Flowers and Plants that Look Like Cabbage

Cabbage

Everything that glitters is not gold. Similarly, every plant that looks like cabbage may not be cabbage. When I was a novice gardener, I had my fair share of confusing moments where I thought the plant I was looking at was cabbage, only to find out it wasn’t.

But your trusty old gardening expert doesn’t want you to go through a similar experience. That is why, I am writing this piece to talk about different flowers and plants that look like cabbage. Since some of those plants are also grown for the benefits they offer, I will also share some tips for growing them.

But before any of that, a word about the star of the show itself!

What is Cabbage?

Cabbage is a hardy and nutritious biennial crop. It belongs to the Brassica family, also famous as cole crops. Other popular members of this big family are kale, brussels sprouts, broccoli, cauliflower, collard greens, and kohlrabi.

Cabbage is a robust vegetable with many varieties. Some are as small as a softball, while others weigh up to 50 pounds. Some are pink, red, or white, while others are lavender, purple, or blue. This versatility also makes them similar to some other plants and flowers in their appearance. Let us learn about those plants.

4 Plants That Look Like Cabbage

1. Celery Cabbage

Celery cabbage, also known as Chinese or napa cabbage, resembles traditional cabbage because of its pale green leaves that are arranged like in a cabbage. It is a perennial plant native to Europe and some parts of Asia. It features clusters of small yellow flowers.

Celery Cabbage

Celery cabbage gets its name because its leaves taste like a celery stalk. If eaten raw, this vegetable tastes a bit bland. Therefore, many people cook it to make it slightly sweet and crispy. It is often a part of traditional Chinese and Korean cuisine. Chinese cabbage is also a great source of different vitamins such as vitamin B9, vitamin C, and vitamin K. Its high antioxidant content is likely to prevent cancer.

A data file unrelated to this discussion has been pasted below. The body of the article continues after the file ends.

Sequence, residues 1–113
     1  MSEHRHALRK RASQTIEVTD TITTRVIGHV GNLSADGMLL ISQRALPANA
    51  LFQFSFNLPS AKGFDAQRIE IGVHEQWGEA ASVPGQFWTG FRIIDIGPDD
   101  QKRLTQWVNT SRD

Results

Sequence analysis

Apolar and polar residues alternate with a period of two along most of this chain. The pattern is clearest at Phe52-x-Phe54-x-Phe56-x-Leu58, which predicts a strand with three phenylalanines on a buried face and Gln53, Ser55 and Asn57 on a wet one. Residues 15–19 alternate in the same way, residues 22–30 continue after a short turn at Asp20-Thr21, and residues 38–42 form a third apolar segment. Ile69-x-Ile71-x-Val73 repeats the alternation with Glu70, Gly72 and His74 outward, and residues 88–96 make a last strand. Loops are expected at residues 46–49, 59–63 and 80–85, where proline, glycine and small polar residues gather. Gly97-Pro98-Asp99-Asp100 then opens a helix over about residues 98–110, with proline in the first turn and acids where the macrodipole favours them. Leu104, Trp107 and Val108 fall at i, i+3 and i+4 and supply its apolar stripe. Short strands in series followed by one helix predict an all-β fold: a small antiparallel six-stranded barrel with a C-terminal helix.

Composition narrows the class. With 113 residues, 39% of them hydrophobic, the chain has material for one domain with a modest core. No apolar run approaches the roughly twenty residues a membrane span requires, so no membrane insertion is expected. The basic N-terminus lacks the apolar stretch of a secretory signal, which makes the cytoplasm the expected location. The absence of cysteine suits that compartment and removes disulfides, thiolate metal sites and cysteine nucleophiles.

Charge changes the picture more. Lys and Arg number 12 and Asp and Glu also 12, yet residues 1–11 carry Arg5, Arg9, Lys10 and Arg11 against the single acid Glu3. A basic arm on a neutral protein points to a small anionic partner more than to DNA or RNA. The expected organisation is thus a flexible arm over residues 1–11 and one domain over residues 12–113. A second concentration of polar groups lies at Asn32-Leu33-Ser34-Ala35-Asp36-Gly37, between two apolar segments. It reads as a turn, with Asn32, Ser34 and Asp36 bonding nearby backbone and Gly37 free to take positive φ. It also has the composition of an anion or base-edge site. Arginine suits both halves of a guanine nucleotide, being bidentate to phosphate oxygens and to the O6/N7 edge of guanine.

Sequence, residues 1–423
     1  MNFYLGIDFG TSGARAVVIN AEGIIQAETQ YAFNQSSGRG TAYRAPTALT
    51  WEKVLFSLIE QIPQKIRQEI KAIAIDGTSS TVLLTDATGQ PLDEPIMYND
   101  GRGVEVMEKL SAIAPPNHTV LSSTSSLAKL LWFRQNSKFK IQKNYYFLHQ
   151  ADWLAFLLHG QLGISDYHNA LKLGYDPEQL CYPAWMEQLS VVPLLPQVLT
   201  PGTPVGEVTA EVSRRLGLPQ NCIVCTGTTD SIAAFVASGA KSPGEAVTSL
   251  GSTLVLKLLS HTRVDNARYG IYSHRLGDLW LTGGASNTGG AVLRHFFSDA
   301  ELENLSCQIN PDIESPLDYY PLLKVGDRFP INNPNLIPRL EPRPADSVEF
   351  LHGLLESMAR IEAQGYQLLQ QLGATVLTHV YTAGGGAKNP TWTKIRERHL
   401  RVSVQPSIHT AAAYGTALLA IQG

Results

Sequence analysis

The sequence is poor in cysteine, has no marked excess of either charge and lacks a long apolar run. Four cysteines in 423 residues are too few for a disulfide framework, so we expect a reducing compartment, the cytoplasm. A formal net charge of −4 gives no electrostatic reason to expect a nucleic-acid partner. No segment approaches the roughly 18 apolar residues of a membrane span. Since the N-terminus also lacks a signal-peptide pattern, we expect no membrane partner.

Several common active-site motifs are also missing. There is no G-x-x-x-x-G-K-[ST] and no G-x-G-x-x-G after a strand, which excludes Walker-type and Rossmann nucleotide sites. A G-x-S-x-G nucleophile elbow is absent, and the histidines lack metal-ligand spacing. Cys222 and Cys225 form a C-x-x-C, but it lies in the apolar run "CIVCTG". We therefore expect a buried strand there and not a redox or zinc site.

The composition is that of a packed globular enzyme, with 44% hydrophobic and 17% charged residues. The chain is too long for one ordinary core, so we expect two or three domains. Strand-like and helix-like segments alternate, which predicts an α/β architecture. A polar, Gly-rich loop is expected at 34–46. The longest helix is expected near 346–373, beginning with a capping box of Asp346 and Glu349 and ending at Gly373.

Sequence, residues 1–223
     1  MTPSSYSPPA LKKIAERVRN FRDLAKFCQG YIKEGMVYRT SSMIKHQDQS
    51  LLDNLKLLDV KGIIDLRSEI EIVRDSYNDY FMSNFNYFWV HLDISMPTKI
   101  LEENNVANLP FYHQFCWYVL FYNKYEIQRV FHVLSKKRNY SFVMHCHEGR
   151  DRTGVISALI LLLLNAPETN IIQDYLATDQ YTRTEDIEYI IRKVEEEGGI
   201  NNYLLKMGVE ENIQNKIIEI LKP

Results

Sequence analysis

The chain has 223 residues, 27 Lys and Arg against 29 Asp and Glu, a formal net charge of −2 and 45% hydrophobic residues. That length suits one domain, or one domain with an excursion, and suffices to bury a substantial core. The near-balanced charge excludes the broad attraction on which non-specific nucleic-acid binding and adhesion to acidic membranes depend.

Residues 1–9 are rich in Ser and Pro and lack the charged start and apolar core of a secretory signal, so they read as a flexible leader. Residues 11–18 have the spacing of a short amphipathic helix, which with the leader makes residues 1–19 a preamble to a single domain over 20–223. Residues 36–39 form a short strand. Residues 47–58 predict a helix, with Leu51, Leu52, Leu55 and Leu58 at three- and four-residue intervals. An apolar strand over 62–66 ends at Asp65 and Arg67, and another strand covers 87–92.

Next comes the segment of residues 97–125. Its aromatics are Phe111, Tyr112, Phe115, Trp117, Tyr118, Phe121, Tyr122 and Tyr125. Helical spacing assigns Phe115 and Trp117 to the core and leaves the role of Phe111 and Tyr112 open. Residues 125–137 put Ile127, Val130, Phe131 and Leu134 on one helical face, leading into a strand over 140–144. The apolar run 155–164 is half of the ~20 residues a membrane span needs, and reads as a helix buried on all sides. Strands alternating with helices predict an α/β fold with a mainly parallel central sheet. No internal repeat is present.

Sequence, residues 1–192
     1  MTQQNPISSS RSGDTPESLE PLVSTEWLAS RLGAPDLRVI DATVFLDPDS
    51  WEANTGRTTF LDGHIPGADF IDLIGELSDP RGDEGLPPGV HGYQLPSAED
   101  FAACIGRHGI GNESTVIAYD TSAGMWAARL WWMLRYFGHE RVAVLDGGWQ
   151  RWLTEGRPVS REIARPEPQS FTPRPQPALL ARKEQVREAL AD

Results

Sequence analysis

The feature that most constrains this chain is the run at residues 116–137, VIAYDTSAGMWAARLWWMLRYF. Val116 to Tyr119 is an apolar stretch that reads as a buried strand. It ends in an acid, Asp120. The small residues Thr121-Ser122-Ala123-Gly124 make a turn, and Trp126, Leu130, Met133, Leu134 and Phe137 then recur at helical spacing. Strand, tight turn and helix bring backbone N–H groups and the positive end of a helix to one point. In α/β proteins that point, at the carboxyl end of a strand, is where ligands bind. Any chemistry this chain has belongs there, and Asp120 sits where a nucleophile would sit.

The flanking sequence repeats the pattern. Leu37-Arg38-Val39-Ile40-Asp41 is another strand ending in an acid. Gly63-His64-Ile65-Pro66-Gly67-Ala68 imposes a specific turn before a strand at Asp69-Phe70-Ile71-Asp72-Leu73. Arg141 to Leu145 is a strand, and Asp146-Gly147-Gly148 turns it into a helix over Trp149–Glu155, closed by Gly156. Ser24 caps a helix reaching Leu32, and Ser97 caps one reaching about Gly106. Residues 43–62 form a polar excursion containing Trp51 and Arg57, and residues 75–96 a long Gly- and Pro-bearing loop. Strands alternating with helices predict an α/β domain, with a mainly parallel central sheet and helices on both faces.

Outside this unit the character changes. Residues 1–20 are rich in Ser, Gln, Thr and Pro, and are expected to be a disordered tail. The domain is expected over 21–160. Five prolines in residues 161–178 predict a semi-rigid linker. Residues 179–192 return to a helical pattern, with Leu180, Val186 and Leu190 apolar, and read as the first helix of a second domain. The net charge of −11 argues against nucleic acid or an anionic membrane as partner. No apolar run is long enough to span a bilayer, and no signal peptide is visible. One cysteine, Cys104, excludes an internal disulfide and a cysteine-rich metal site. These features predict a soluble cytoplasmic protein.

Tips for Growing Chinese Cabbage

You can grow celery cabbage by starting seeds indoors eight weeks before the last frost date. It is grown as an annual plant in colder regions, even though it is a biennial like cabbage. Once the seeds germinate indoors, you can transfer them outdoors when there’s no more risk of frost. 

Chinese cabbage prefers well-fertilized and well-drained soil with a pH of 6-7.5. The ideal temperatures for its growth are 65-75 F during the day and 55-60 F at night. Watch for soggy or waterlogged soil, as the plant can rot if overwatered.

2. Common Lettuce

Common lettuce, iceberg lettuce, or head lettuce are all names of the leafy vegetable we are so familiar with. Botanically known as Lactuca sativa, lettuce is often found in salads, sandwiches, burgers, and wraps. It is also honored to be the world’s most popular salad crop. Looking at it from a distance in a garden can make it look like a cabbage due to how its leaves are arranged.

Common Lettuce

People also grow this vegetable for its stem and seeds. It is also relatively easy to grow and packed with nutrition. However, to access that high-quality nutrition, growing it in your backyard is better than buying the tasteless, watered-down, and pesticide-treated industrial type.

Tips for Growing Lettuce

Start the seeds in a seed tray at least four weeks before transplanting them to the garden. It is better to use a well-drained seed starting mix at this stage. Place 2-3 seeds in each cell shallowly, no more than ⅛” deep. Lightly cover it with the soil mix and place it in indirect light with moist soil until germination.

Lettuce is winter-hardy, so you can transplant it as early as three weeks before the last frost. However, before you do that, you should harden it for 3-5 days to help it acclimatize to the extreme weather outside. Well-hardened lettuce plants can tolerate temperatures as low as 20 F.

When transplanting, use loamy and well-drained garden soil with a generous amount of compost. The plants should be at least 15-18 inches apart in the garden. Since lettuce is not drought-tolerant, water deeply once a week and retain soil moisture at all times. The plant prefers full sunlight to partial shade, ideally six hours of sun daily.

3. Cauliflower

If you’ve ever wondered whether cauliflower and cabbage share any family, they do. Even though they are different cultivars, they belong to the family of species “Brassica oleracea.” It is an annual plant that is cultivated for its edible head.

Cauliflower

Even though the vegetable itself doesn’t look like a cabbage, its leaves can give the impression of a cabbage plant, especially when the head is young and the leaves are wrapped around it.